Feature: Politics stifling Mutorashanga growth

Some of the shops forming the shopping centre

FOR several years, Mutorashanga, a mining town located about 100 kilometres north of the capital Harare, on the northern stretch of the Great Dyke range, was just a tiny chrome-mining settlement in Mashonaland West province.

But the locals, being an adventurous lot, discovered the Green Pool at the former collapsed Ethel Mine quarry dumpsite and converted it into a weekend outdoor spot.

Unfortunately, there were no amenities, shops or services for the “tourists” coming to enjoy their weekends swimming in the cool water at the Green Pool or cave hiking.

The people of Mutorashanga were losing out as the tourists preferred to bring their own drinks, braai packs and other goods.

The challenge, then, was that Mutorashanga had one shopping centre — Chizhange.

Made up of about 10 small buildings serving as Mutorashanga’s “town” centre, Chizhanje was built by white commercial farmers in the 1950s to serve a very samll farming community then.

The shops are now failing to cope with the growing population, forcing the majority to either travel approximately 35km to Mvurwi or 100km to Chinhoyi for services such as shopping.

With the influx of new farmers who came as a result of the government's fast-track land reform programme, something had to happen on the business front to capture the ready market.

Enterprising businesspeople took up the initiative, started building modern shops and other amenities in the area adjacent to the main stadium and a high school.

But, their efforts have come to naught as politically-inspired ownership wrangles over the land have taken centre-stage with authorities threatening to raze down the new buildings, claiming that they are illegal.

Several residents who spoke to the NewsDay expressed disappointment with  the local leadership’s lack of foresight.

Brain Mubayiwa, a resident at Tafara 2, said the new shops had reduced the walking distance for shoppers who covered up to seven kilometres for groceries.

“We have had shortages of shopping centres for a long time after Mutorashanga failed to develop due to arguments over the ownership of the land.

“No one has been allowed to build except the chrome mining companies who built houses for their workers,” he said.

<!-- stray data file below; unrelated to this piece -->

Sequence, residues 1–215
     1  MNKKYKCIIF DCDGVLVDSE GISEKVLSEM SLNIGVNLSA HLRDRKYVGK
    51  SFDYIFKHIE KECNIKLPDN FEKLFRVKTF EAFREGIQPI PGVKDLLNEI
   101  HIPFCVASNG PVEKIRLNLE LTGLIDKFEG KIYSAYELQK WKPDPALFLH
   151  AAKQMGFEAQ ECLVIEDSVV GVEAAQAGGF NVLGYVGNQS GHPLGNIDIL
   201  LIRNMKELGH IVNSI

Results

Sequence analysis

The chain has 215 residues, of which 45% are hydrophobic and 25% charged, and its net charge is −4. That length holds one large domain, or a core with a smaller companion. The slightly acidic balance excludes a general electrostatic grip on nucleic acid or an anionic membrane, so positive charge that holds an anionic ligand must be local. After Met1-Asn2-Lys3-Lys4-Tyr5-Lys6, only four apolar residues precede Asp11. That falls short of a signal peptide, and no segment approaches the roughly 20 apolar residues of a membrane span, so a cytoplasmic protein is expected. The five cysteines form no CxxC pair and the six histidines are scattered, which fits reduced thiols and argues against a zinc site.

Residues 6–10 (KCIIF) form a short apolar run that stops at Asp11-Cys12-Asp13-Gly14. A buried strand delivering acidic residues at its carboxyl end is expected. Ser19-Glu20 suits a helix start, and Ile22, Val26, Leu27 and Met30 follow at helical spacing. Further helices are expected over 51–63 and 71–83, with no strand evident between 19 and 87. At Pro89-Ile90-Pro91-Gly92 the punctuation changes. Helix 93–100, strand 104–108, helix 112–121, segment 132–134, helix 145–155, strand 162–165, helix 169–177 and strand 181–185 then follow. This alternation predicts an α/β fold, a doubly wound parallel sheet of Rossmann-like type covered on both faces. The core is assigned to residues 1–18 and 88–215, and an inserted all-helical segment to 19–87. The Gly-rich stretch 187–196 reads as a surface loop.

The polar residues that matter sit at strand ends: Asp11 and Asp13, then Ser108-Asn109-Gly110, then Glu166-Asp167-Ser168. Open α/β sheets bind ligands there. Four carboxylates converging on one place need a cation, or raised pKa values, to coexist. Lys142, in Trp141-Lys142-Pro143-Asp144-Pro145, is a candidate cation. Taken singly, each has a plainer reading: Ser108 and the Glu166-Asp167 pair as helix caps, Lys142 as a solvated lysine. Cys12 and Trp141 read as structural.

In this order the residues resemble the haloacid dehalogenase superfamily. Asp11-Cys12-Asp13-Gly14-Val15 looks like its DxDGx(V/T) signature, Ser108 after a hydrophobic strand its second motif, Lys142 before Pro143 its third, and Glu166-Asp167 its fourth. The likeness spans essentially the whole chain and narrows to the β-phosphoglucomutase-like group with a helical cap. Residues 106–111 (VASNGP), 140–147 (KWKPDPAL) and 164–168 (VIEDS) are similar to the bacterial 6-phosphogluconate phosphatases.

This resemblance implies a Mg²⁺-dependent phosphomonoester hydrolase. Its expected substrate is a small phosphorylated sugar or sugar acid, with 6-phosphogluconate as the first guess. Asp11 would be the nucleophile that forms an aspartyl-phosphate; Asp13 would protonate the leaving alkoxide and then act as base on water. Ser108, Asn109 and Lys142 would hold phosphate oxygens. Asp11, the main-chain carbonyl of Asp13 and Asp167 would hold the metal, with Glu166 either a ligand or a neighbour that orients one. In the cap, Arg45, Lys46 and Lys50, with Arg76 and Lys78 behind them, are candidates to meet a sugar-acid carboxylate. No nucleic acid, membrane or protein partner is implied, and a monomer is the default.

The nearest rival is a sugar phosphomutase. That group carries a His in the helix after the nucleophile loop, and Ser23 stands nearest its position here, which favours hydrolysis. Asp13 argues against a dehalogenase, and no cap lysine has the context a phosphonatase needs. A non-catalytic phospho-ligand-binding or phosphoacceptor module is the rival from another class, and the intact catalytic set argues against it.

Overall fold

Former councillor Sandram Kembo, was fronting efforts to transform the ghost mining town into a modern urban centre, before failing to retain his ward in August's harmonised elections.

 “He (Kembo) facilitated and secured a place where people could build the shops. We only had two shops here in Mutorashanga that had to serve the whole community but after construction of these new buildings, there were people who advised that the buildings were illegal,” Mubaiwa said.

“They say the shops were constructed on a farm but as youths, this is now negatively affecting us because were being employed as guards and shopkeepers.”

Another resident James Jena said: “The councillor launched a project to facilitate stands through Mutorashanga Development Association which benefited more than 100 people on the residential side but still there were challenges on public infrastructure due population increases.

“The challenge that we are facing now is that Zimasco is claiming that the stands allocated to people by Zanu PF are on their land but we do not agree because they admitted that it belongs to Umvukwesi Range A,” he said.

Jena added that Umvukwesi Range A was part of Zimasco properties before the land reform programme which started in 2000.

Zvimba Rural District Council CEO EniasChidakwa said that council expected political leaders to put their plans as motions that would be deliberated on by council which would then designate the area as a shopping centre.

“No one is above the law and whoever distributed the land knows the proper way to handle the issue, so we would want to see their plans for the area and the standard of buildings  while we also expect everyone to adhere to council by-laws,” he  said.

The chrome mines in Mutorashanga have over the years exchanged hands between four companies, namely African Chrome Mine, Union Carbide, Zimasco and Sinosteel.

Justine Jawadu, another resident, concurred, adding “We have a good thing happening here with the construction of new buildings but we are facing a challenge where certain people want to stop the progress that hasn't happened in years. The place you see here was just a forest. What worries us is that after the development was done, they are saying the buildings should be demolished.” 

Chidakwa said  the new shops need to be regularised to enable the owners to start paying rates.

“Yes, the shops were built illegally after someone sold land and collected money from people. What is now needed for the beneficiaries is for them to regularise their building so that they get services from council and other service providers,” he said.

“They should engage council to save the buildings and submit their plans to council for approval.”

Management at SinoSteel in Mutorashanga declined comment on the matter describing it as too sensitive.

Residents also believe allocating the land for residential purposes could also trigger development in the area.

Kembo, who declined to comment on the pending demotions, also agreed that the land should be developed for residential purposes.

“The potential to develop Mutorashanga as a growth point is there and it could accommodate the miners and farmers who live around the town,” he said.

Former Local Government, Public Works and National Housing minister Ignatius Chombo was also advocating for resettled farmers in the area to buy stands and build houses to spur development.

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